Here’s how to level up the genders

Submissions to the Senate show how easy it can be to help women's super balances catch up with men's.

Key points

  • Treating contributions as a marital affair would lift women’s retirement balances
  • So would a lifetime contributions cap
  • Fingers crossed Canberra will see the logic in these ideas

HOW’S THIS for a simple solution to the gap between retirement savings for the women and men of Australia.

Because women generally spend longer out of the workforce than men, doing most of the important work of raising healthy kids, there are fewer years for them to make concessionary (before tax) payments into super to top up their balances.

Why not allow them to make concessional contributions based on joint incomes with their spouses?

We’d love to say it was our idea but the credit goes to professional services firm Deloitte, which suggested it as part of its submission to the Senate inquiry into the economic security of women in retirement.

“One possible solution for women on parental (or maternity) leave could be that their partner could make tax-deductible or concessional contributions on behalf of his/her spouse up to an equitable limit,” it said.

“We believe this flexibility would have minimal impact on the budget deficit but would greatly assist in achieving a balance in retirement savings.”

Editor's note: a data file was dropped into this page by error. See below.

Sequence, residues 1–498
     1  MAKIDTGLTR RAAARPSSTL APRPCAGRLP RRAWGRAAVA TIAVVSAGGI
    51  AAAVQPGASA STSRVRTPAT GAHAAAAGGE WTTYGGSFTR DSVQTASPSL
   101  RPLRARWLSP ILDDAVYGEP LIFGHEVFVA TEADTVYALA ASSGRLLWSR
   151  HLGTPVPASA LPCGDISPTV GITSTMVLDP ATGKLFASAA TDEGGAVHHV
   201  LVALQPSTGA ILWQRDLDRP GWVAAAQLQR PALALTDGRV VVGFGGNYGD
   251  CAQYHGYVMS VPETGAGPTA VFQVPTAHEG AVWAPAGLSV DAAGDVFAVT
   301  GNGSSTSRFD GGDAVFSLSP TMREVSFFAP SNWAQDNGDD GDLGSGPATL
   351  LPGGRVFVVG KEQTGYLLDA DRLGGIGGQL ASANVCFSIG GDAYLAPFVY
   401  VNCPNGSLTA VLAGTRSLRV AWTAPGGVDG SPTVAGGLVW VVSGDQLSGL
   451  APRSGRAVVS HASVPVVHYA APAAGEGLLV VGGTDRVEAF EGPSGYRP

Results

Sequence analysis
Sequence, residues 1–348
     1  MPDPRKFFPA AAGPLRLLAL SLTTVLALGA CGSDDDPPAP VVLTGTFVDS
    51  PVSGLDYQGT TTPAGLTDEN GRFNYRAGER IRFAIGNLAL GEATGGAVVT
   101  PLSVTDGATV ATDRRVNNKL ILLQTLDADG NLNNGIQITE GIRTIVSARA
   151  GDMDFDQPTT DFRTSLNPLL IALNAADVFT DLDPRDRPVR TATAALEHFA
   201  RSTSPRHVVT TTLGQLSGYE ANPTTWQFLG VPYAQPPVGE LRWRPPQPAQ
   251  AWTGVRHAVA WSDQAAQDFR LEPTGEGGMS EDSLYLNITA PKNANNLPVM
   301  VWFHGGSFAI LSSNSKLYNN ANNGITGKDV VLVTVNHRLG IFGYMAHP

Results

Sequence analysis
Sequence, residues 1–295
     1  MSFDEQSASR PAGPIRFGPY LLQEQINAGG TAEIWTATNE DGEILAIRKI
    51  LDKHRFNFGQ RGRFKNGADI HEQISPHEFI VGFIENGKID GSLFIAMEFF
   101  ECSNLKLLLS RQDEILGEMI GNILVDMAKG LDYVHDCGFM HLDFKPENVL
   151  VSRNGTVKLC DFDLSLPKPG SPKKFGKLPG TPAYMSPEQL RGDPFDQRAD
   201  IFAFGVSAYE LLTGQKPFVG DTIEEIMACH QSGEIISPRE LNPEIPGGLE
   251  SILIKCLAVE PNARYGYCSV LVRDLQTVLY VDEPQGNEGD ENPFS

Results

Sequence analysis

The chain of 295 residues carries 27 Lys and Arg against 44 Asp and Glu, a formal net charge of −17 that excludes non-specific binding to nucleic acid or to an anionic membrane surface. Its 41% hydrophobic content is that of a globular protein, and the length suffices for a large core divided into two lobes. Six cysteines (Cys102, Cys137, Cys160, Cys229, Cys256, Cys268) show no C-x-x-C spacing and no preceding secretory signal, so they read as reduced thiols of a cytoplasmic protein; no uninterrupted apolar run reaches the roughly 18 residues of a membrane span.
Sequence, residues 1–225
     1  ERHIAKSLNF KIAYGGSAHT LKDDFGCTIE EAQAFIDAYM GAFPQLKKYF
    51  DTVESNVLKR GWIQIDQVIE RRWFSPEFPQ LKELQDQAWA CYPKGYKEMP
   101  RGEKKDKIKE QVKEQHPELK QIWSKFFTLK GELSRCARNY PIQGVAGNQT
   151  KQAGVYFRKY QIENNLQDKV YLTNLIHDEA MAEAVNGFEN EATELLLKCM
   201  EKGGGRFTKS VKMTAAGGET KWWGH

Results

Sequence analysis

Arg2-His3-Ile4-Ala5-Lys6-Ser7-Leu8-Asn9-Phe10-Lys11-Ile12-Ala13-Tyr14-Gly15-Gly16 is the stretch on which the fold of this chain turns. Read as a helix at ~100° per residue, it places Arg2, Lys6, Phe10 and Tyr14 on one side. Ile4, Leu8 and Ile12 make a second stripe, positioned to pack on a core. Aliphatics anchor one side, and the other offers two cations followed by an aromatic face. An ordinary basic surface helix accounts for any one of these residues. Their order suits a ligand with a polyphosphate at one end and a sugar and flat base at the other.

Tax deductibility for super contributions made by the spouse sounds reasonable if they are made on behalf of a partner temporarily withdrawn from the workforce only to invest her efforts in caring for what will inevitably become another taxpayer. Surely the government will see the logic in that? Or let’s hope so.

Lifetime contribution caps

Another recommendation from Deloitte is for the introduction of lifetime contribution caps, to make up for the fact women’s careers are more truncated than men’s.

“A lifetime contribution cap … would allow women to catch up when they return to the workforce or increase their hours to the accepted full-time level,” its submission said.

The consultant reckons that over a 45-year working lifetime a concessional cap of $580,000 would produce a “comfortable” income stream in retirement (as defined by the Association of Superannuation Funds of Australia) to full life expectancy of about 75% of women who retire in 2050.

Caught in the middle

The first recommendation, allowing a spouse to make concessional contributions on a partner’s behalf, is better suited to benefit workers at all income levels. The second suggestion would likely appeal to women on high incomes.

With the tax treatment of superannuation under so much scrutiny who can say which of Deloitte’s ideas might get taken seriously? We may have to wait until after the next federal election, at least, before the super rules are rewritten … once again.

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